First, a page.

Farmerville Local News

The Gazette
February 3, 1904

Mr. Jonas Selig was at home the first of this week.

Mr. H. L. Barpes is at home on a visit to his mother’s family.

Messrs. Edw. Everett and Abe Stein are on a visit to the Crescent City.

Mr. Walter Stripling, of Cecil, was in Farmerville this week on business.

Dr. W. L. Griffin of D’Arbonne was on the streets of Farmerville Tuesday.

Several boats have made trips to Farmerville landing during the past week.

Messrs. A. L. Ponder and W. J. Copper, Junction, gave us a call Monday.

The recent weather has been very propitious for the preparation of farming lands.

Mr. W. D. Munholland returned home yesterday, after an absence of some days.

The young people passed an enjoyable evening last Friday at the home of Mr. W. P. Chandler.

Several cases of measles have developed in Farmerville, and some of the adults have been laid up with it.

Mrs. Ellen Levi, Mrs. Oscar Baughman and child and Mr. D. E. Laupheimer left Monday for Texarkana.

Mrs. S. C. Rabun, returned home from Monroe Sunday where she has been visiting her daughter, Mrs. R. P. Webb.

WARNING NOTICE. All parties are hereby warned not to dump any dead carcasses on my property under penalty of the law. I will also prosecute any person who leaves a dead animal near the road between my place and Farmerville. Take warning and act accordingly. J. D. BAUGHMAN

One night last week the store house of Mr. J. S. Farrar, at Lillie, was burglarized, the robbers securing about $35.00. This is the second time recently that Mr. Farrar’s store has been entered at night.

We will be prepared to furnish all kinds of fertilizers when water rises, at close figures. BALLARD & BAUGHMAN, Fertilizer Co.

Mr. F. E. Mayo last week killed one of the fattest beeves put on this market. The purchase was made of Mr. R. B. Dawkins who has had the animal on a fine pasture all summer, and since the grass gave out it has been bountifully fed.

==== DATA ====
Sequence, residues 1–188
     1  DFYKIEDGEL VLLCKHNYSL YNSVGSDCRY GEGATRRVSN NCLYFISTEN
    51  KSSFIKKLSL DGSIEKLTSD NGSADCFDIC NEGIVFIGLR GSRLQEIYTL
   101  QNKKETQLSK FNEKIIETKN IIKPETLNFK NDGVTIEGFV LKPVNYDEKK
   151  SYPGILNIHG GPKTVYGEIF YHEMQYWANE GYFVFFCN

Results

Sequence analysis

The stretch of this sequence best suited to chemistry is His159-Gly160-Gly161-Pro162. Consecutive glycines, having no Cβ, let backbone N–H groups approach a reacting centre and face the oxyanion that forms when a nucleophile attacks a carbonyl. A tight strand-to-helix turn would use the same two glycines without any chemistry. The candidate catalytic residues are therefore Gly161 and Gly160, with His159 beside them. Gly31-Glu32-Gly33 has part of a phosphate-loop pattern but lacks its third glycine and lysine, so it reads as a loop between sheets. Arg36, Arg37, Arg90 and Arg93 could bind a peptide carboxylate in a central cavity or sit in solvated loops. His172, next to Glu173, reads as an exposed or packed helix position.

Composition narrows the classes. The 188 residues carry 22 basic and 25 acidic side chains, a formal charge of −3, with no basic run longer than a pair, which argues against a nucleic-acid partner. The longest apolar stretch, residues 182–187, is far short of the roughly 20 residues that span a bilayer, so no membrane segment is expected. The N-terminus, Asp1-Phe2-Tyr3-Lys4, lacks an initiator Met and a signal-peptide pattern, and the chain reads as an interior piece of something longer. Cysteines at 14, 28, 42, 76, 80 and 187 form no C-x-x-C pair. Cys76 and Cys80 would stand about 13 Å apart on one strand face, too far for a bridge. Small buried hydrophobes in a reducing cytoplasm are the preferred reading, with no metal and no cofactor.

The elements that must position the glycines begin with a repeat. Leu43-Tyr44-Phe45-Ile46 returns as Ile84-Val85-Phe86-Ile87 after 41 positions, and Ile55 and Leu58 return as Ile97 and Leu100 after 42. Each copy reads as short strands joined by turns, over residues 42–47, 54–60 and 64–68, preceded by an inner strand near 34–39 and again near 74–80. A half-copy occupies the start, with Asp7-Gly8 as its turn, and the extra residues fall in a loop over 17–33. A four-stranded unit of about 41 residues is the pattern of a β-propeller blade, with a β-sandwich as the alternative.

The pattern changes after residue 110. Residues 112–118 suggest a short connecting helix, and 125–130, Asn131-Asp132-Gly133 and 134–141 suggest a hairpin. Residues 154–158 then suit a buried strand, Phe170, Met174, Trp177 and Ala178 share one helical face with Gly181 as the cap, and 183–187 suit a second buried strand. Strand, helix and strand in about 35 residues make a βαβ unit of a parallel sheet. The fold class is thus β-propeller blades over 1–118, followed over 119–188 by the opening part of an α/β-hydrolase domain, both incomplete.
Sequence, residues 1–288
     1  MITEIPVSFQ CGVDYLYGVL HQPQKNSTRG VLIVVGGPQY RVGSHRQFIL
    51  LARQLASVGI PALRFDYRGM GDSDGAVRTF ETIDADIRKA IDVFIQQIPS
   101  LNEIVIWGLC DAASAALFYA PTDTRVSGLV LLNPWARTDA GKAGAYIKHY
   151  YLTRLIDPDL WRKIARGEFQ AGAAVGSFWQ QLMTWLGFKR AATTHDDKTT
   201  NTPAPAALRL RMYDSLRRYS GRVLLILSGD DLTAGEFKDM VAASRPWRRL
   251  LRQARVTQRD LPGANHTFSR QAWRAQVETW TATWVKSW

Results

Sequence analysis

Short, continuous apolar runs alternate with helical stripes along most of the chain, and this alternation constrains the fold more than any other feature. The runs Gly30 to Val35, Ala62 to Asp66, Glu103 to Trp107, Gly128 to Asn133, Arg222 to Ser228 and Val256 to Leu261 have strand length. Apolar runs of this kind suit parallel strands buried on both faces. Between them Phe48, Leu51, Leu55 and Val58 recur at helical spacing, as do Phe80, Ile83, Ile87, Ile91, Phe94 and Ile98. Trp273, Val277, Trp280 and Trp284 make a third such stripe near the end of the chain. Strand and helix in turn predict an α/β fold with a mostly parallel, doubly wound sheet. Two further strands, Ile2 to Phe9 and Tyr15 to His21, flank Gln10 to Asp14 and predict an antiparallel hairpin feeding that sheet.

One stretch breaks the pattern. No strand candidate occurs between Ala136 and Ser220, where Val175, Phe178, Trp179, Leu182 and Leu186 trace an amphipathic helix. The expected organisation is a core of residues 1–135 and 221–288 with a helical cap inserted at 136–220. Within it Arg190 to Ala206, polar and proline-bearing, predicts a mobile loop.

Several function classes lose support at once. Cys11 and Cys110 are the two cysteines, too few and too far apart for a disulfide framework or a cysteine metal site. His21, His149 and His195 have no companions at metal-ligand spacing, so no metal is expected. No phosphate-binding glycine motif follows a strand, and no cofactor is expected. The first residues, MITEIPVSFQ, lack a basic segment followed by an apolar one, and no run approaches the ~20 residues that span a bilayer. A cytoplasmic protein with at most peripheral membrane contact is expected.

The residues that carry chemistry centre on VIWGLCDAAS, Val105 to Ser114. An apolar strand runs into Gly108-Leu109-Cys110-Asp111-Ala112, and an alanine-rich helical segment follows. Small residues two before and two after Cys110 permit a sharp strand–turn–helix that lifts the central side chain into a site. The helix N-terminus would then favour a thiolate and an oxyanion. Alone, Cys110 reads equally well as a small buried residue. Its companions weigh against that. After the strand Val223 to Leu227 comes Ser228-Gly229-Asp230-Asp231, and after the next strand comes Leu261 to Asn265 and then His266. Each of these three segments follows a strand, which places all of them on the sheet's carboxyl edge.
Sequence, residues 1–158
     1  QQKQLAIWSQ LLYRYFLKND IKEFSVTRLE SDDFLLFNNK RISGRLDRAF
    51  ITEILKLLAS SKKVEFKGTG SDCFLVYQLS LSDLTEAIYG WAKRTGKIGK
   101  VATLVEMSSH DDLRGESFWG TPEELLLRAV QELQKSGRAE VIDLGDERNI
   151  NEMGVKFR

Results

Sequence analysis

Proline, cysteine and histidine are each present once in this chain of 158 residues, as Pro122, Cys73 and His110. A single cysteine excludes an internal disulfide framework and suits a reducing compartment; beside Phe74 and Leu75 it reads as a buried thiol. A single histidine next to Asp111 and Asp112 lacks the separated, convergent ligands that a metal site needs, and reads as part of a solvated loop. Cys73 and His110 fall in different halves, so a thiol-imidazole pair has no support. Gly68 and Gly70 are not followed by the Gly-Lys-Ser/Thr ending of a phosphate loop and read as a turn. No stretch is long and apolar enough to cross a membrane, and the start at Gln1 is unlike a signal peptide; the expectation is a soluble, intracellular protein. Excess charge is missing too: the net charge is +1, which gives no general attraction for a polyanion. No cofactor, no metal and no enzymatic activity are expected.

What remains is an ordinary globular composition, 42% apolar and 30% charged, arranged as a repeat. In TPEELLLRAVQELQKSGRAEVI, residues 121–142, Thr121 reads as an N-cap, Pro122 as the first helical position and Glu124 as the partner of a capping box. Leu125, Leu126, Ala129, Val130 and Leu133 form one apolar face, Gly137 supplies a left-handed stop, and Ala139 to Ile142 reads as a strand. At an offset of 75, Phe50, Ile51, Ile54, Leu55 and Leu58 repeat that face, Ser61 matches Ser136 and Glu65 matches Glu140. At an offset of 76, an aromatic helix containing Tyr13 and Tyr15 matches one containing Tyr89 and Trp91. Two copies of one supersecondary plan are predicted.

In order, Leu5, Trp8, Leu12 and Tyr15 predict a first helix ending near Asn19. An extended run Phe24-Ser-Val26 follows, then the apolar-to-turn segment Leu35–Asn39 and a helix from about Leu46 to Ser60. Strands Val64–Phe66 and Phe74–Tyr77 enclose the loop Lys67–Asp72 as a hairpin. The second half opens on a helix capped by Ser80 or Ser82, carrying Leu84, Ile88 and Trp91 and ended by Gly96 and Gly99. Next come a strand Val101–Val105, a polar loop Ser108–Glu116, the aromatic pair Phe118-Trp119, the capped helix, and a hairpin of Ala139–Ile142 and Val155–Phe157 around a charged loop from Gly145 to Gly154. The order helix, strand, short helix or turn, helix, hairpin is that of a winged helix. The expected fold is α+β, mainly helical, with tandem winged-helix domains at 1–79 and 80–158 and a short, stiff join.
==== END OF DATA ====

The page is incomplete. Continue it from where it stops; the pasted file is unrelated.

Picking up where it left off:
The Wanderer. He left the dear homestead and the scenes of his youth. And went forth a wanderer; a searcher in truth. He looked not for treasure, naught he cared to be rich. What he sought for was something to cure his itch. He found it. Name, Hunt’s Cure. Price 50c.

Next Friday evening from 7 to 10 o’clock the Willing Workers of the Methodist church will give a “Sock Social” at the Trimble residence in Farmerville, for the purpose of raising funds to help liquidate the parsonage debt. Everybody is invited to attend.

Card of Thanks. We take this method of thanking our friends and the good people of Farmerville for the many kindnesses extended us during our recent affliction, resulting in the death of our infant child. Mr. and Mrs. J. G. HEARD.

Mrs. Matilda Selig returned home Sunday from a visit to her sons at Bernice.

Its Everywhere. The Huts of the poor, the Halls of the rich, Are neither exempt from some form of itch. Perhaps a distinction may be made in the name, But the rich and the poor must scratch just the same. O’ why should the children of Adam endure An affliction so dreadful, when Hunt’s Cure does cure? All forms of itching. Price 50c. Guaranteed.

Mr. H. L. Lewman, of the firm of M. T. Lewman & Co., arrived in Farmerville Sunday. He came to represent the interests of his firm in the matter of a change in the death of the foundation excavation. The police jury considered the question Monday and decided to give the building committee authority to act according to their better judgment in the premises.

Weak and Low-Spirited. A Correspondent thus describes his experience: “I can strongly recommend Herbine as a medicine of remarkable efficacy for indigestion, loss of appetite, sour taste in the mouth, palpitation, headache, drowsiness after meals with distressing mental depressions and low spirits. Herbine must be a unique preparation for cases such as mine, for a few doses entirely removed my complaint. I wonder at people going on suffering or spending their money on worthless things, when Herbine is procurable and so cheap.” Price 50c a bottle.